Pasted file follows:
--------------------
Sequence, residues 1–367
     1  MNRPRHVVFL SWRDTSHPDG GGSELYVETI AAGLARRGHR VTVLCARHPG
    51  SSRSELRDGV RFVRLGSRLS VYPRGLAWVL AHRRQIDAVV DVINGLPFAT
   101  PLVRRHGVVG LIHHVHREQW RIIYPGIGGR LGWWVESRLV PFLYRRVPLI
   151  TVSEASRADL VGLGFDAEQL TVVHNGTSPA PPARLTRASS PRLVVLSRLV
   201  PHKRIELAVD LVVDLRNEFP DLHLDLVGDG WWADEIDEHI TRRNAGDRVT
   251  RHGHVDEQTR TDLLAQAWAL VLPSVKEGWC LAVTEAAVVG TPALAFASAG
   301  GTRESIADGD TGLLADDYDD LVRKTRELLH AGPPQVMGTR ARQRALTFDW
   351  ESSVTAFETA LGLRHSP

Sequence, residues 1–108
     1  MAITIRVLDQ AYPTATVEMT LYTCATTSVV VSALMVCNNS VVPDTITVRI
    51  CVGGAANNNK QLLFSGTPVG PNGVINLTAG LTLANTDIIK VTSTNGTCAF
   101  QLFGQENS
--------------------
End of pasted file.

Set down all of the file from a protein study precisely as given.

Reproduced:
Sequence, residues 1–367
     1  MNRPRHVVFL SWRDTSHPDG GGSELYVETI AAGLARRGHR VTVLCARHPG
    51  SSRSELRDGV RFVRLGSRLS VYPRGLAWVL AHRRQIDAVV DVINGLPFAT
   101  PLVRRHGVVG LIHHVHREQW RIIYPGIGGR LGWWVESRLV PFLYRRVPLI
   151  TVSEASRADL VGLGFDAEQL TVVHNGTSPA PPARLTRASS PRLVVLSRLV
   201  PHKRIELAVD LVVDLRNEFP DLHLDLVGDG WWADEIDEHI TRRNAGDRVT
   251  RHGHVDEQTR TDLLAQAWAL VLPSVKEGWC LAVTEAAVVG TPALAFASAG
   301  GTRESIADGD TGLLADDYDD LVRKTRELLH AGPPQVMGTR ARQRALTFDW
   351  ESSVTAFETA LGLRHSP

Sequence, residues 1–108
     1  MAITIRVLDQ AYPTATVEMT LYTCATTSVV VSALMVCNNS VVPDTITVRI
    51  CVGGAANNNK QLLFSGTPVG PNGVINLTAG LTLANTDIIK VTSTNGTCAF
   101  QLFGQENS